One of the things that has really attracted me to apocalyptic fiction is the idea of being alone in a city. I think cities are beautiful things, full of classic architecture, distinctive small businesses and a strange blending of history and modernity. Sadly, it’s also full of people. Nice people, mean people, cold people and warm people, they populate the streets and buildings like some parasitic pest seeking to get in your way, buy the last newspaper and, on rare encounters, force you to engage in sociable activities. I always remember that opening scene in 28 Days later where hero wakes up the hospital then walks out into London nearly bare assed to witness an empty city. As a kid I used to have all sorts of last man on Earth fantasies, where I could do anything, steal anything and drive crazily down the street in any car I could find. It was an introverted poor kid’s fantasy. Of course, I could worry about things like a lack of electricity, hygiene issues, clogged roads and wild dog packs, this was my fantasy and dammit, I was going to play Atari, watch PG13 and R movies and gorge myself on pizza and cheesesteaks that would magically appear to me. It was a great fantasy, and honestly, it didn’t always end at my childhood. Occasionally, I still think it would be cool to roam empty streets, sneak into restricted areas, walk the Art museum in my underwear, try on the Philly Phanatic costume, attempt field goals at Lincoln Financial Field, and, maybe in a slight variation of the term Last man, get cheered on wildly by the Eagle’s Cheerleading squad. Hell, it’s my fantasy.

In Zom-B City, B has now escaped the Underground government facility and gets her first glimpse of the changed world. Stuck in apocalyptic London with little information, she travels to her home, encountering other Zombies, strange survivors and empty streets along the way. While the story really doesn’t progress much in Zom-B City, Darren Shan gives us a dark tour through his changed world as he gets B acclimated to the new environment. Zom-B City seems like a bit of a set up novel, a chapter in an ongoing story instead of some complete narrative. Shan offers us a lot of cool things, giving us more information on how the Zombie outbreak has changed the world, and begins to offer us new factions who may or not come into play down the road. There are even some strange darkly humorous moments, including a painter chronicling the apocalyptic visions he encounters for some mysterious purpose, a religious alien conspiracy group who believes they have survived because of their faith in our celestial saviors, and a group of Zombie game hunters. Shan does a good job showing just how much the landscape can change in a brief amount of time. It’s frustrating that few of our questions are answered, and the one sequence that does seem on point is a bit of a rehash of past scenarios, but Shan does give us some clues and a few small reveals about B and her role in the apocalypse. While I enjoyed Zom-B City, the continual piece meal style of storytelling is making me want to wait until there are a few more editions completed before further exploring this world. I like the directions Shan is going, but not sure I have the patience for the episodic storytelling style, even with the relatively short time between entries. Shan does what he sets out to do. He gives us a dark tour of Zombie infested London while putting B in place for the next part of this tale. While not as impactful as the first two novels, it’s a logical next step in the series.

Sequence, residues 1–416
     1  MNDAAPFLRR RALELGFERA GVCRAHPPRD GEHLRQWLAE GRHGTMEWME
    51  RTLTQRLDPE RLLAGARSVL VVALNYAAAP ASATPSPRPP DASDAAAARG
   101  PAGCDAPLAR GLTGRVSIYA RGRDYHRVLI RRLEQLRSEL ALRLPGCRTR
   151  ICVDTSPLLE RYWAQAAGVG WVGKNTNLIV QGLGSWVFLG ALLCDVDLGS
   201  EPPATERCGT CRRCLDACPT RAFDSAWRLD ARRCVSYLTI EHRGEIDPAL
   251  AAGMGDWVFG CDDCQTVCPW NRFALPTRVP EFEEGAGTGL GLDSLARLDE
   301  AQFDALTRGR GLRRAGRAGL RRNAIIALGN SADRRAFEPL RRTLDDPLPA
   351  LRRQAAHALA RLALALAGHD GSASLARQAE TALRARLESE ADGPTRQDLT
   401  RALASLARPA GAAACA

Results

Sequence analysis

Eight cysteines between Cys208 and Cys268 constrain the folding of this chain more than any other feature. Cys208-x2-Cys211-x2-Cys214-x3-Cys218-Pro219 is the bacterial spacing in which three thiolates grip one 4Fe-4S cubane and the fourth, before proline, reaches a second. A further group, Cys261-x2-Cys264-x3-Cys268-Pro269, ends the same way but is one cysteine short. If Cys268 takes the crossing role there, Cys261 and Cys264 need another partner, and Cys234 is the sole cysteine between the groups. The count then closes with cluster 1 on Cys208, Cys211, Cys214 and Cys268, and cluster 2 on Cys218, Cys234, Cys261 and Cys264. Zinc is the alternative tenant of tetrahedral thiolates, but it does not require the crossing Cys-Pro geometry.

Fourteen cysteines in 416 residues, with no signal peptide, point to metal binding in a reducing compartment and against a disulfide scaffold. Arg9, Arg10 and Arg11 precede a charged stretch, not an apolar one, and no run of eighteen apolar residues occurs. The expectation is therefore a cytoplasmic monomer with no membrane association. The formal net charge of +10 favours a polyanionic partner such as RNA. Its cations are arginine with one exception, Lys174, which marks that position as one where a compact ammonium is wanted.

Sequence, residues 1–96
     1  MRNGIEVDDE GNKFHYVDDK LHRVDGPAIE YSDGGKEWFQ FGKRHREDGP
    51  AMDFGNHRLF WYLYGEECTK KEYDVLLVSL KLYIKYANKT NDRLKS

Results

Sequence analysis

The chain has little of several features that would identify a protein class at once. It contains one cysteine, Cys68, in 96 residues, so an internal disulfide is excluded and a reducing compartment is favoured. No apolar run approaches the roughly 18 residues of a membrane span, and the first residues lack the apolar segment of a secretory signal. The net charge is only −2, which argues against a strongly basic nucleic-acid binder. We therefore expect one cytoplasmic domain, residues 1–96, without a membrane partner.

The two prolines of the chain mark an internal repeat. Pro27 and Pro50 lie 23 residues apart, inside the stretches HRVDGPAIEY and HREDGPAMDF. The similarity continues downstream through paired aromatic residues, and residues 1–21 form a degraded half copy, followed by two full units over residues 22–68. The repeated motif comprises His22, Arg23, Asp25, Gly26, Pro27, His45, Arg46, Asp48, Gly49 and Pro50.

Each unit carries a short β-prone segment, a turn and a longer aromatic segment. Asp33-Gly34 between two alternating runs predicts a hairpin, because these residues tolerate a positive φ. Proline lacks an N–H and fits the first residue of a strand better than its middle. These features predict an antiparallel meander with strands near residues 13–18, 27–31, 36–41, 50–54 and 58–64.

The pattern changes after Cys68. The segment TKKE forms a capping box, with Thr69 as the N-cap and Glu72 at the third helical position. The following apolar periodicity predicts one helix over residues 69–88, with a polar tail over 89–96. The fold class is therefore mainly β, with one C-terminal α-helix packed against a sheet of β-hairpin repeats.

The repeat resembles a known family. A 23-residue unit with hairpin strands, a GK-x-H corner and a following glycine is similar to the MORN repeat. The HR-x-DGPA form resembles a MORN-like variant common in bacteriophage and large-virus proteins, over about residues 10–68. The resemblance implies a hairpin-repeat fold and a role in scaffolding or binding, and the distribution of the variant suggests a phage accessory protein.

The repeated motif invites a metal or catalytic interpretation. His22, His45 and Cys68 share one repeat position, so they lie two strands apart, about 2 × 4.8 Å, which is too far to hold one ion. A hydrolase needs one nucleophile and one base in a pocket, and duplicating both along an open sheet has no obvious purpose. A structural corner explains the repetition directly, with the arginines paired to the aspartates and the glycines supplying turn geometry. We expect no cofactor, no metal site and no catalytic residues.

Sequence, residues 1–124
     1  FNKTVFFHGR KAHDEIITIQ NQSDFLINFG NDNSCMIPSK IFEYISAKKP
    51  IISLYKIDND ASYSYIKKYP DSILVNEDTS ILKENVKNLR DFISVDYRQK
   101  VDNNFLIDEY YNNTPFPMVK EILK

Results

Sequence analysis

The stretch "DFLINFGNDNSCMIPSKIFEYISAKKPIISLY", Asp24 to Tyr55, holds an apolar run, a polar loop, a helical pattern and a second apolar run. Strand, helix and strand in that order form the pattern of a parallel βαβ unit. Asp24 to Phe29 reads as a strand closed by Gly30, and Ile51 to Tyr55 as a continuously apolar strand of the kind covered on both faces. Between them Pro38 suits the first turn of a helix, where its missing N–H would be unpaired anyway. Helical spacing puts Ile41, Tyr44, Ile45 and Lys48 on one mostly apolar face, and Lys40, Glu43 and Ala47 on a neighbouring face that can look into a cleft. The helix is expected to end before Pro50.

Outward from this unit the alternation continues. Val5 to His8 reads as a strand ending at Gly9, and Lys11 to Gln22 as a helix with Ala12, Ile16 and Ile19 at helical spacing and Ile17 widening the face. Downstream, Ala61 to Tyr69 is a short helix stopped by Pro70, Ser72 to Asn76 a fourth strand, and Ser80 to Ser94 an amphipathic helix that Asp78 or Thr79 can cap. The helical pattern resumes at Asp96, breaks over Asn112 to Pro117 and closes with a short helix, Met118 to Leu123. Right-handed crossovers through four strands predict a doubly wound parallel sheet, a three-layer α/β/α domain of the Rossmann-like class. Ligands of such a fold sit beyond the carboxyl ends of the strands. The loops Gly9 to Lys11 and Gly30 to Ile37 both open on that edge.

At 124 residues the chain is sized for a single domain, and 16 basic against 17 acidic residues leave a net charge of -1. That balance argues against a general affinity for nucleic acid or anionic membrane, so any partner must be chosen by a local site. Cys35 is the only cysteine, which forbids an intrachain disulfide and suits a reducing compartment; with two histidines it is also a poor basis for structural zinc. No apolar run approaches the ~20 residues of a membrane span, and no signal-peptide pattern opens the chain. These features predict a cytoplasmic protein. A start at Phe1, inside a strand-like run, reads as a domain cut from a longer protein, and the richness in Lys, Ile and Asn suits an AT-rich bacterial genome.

Emma Galvin continues her excellent work in the Zom-B series here with Zom-B City. She gives B the perfect edgy sarcastic British tone, full of urban grit and young adult insecurities. Being that much of this story involved B touring the city alone, this is a less dialogue intensive book, but she does a great job developing B’s distinctive inner voice. The few other characters that do appear are well done. I enjoyed her soft take on the young Apocalyptic painter, and her righteous craziness of the Zombie cultist hit all the right note. Again, Shan ends the tale with an almost dreamlike finale of horrors, and Galvin captures the hypnotic pacing perfectly.  There are still quite a few more chapters to go in this tale, and I’m quite interested in seeing what’s next.